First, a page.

Sweeping the category for on-line photo galleries, The Welles Park Bulldog received four awards from the Northern Illinois Newspaper Association last night in DeKalb, IL.
The Bulldog was also awarded a first place for its website. Described by NINA as a general-excellence award, The Bulldog site was judged on overall content and design, local emphasis, interactivity, ease of navigation and extra features.
Jack Lydon, a citizen journalist, was awarded a first place for a photo gallery. Bulldog photo galleries are often published both on the production site and on Facebook where they have turned into viral shares among local high school athletes.
Lydon said he was stunned by the unexpected award.
Lydon, an attorney by day, was once a candidate for alderman in the 47th
Ward. He is the President of the Neighborhood Boys and Girls Club. He has been shooting high school sporting events for The Bulldog nearly since it was founded.
“We're so happy Jack's work was recognized,” Bulldog photo editor Jane Rickard said. “He didn't know how good he was. Now he has independent recognition of his skills.”
It was the first award to Lydon as a photo journalist.
Rickard received the other two awards in the category.
Rickard, a school nurse at Bell School, is also a citizen journalist. Rickard also designs and creates a line of jewelry.
Rickard has been on the receiving end of several journalism awards including two Lisagors she shared, and two previous NINA awards for photojournalism.
NINA awarded a special 50th
anniversary excellence in journalism award and $1,000 to the Daily Southtown's Matt Marton. Marton used photography to report on the charitable contributions of the community. His work followed contributions from the point of receipt to the final recipients in Haiti.
Here are the comments of the judges on the Marton series:
In February 2012, the Southtown Star sent photographer Matt Marton and reporter Donna Vickroy to Haiti. “We wanted to find out where cargo containers full of shoes, bicycles, medical supplies and musical instruments, donated by our readers, ended up,” Marton wrote. “In following the trail of compassion, we hoped to form a bridge, built on communication and understanding, from here to Haiti.”
Marton’s stunning series of photos didn’t just follow that trail of compassion. It stirred it anew in readers. It’s difficult to imagine any reader being confronted with these photos and not feeling changed. This series – both the photos and the words – shines the light of truth and compassion on the people of Haiti, for the benefit of an audience who may have given money, time and/or prayer for them. It’s a sterling example of the type of journalism that newspapers still must find a way to produce – despite budget crunches and staff shortages.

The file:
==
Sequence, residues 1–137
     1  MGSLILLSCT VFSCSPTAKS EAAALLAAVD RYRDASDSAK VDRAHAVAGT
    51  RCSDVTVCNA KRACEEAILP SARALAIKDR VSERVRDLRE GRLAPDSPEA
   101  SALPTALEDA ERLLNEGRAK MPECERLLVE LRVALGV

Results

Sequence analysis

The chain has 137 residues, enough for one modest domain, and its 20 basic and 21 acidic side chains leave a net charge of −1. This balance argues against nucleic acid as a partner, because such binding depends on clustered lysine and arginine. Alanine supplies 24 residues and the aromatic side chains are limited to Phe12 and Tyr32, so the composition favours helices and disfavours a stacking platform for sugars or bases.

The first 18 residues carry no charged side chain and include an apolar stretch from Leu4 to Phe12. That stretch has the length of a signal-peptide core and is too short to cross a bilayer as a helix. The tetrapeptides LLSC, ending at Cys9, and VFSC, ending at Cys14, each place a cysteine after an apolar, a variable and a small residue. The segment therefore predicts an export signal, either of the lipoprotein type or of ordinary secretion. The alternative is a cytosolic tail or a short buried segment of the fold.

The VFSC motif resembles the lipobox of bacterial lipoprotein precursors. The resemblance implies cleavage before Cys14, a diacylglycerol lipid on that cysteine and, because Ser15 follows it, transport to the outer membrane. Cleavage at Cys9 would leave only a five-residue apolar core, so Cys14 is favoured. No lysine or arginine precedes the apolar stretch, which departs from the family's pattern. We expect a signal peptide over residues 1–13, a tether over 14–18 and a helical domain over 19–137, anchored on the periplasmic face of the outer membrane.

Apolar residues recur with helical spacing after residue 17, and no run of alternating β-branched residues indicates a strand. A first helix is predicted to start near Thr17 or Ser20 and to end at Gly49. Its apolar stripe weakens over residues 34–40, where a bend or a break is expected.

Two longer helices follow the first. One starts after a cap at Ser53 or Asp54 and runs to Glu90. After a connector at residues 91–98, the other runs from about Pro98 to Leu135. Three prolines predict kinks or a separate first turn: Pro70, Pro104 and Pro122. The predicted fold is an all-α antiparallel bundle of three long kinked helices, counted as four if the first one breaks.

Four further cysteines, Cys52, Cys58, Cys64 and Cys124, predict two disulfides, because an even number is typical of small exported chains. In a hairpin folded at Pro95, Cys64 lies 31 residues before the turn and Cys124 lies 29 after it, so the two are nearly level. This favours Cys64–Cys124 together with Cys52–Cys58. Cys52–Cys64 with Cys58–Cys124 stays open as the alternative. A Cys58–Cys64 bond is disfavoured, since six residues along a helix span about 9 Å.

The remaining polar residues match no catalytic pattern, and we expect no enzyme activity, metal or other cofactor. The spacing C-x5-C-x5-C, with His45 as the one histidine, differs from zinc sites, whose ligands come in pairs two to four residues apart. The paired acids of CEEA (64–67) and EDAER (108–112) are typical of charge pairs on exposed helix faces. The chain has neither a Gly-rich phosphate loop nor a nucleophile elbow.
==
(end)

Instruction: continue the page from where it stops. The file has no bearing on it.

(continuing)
Not insignificant is that this series comes from a newspaper whose newsroom has been gutted by layoffs in recent years. Yet, the Southtown Star saw an opportunity to connect local efforts to an international story that’s fallen from the public eye but is every bit as urgent as it was two years ago. The paper made a significant investment to send these two journalists to Haiti for five days. The journalists stepped into harm’s way at times, witnessed the horror of extreme poverty, and also chronicled hope for better days.
Vickroy’s heroic series of stories was a runner-up, and ordinarily could have won a competition like this. But in this case, judges felt that Marton’s Pulitzer-quality photos were so compelling that they merited singular attention.
Thank you to the Southtown Star for seeing the value and importance of this story. Congratulations to Matt Marton, and thank you for the reminder of why most of us became journalists – to tell stories like this, and to make a difference in the world.
“The quality of this competition is demonstrated by the Marton entry,” Publisher Patrick Boylan said. “Marton had a simple idea, and followed it through. His story demonstrated the public service aspect of journalism and is to be commended.”
NINA recognized excellence in seventeen categories for both online and print entries. In addition, NINA awarded the special 50th
anniversary overall prize that Marton received.
The Bulldog site received further recognition last month in a study by the Community Media Workshop, rounding out a list of eleven Chicago neighborhood sites that are essential. Other sites that were recognized in that study were Uptown Update, Chicago Journal and Center Square Journal.
NINA is a fifty year old association to advance journalism. NINA is associated with the Northern Star and the journalism department of Northern Illinois University.
The Bulldog is a two year old online-only news provider serving the Ravenswood neighborhood and Chicago's North Side. Bulldog content is provided by a production site at the WellesParkBulldog.com URL and also at a Facebook site Facebook.com/The.Chicago.Bulldog.
“The neighborhood news scene in Ravenswood is as competitive an environment as any,” Boylan said. “The launch of DNAInfo is expected to further shake things up in a neighborhood already covered by two locally owned news sites, Everyblock, Patch and a weekly newspaper.”
“The recognitions demonstrate that award-winning journalism is possible at local sites with small budgets and the right leadership,” he said.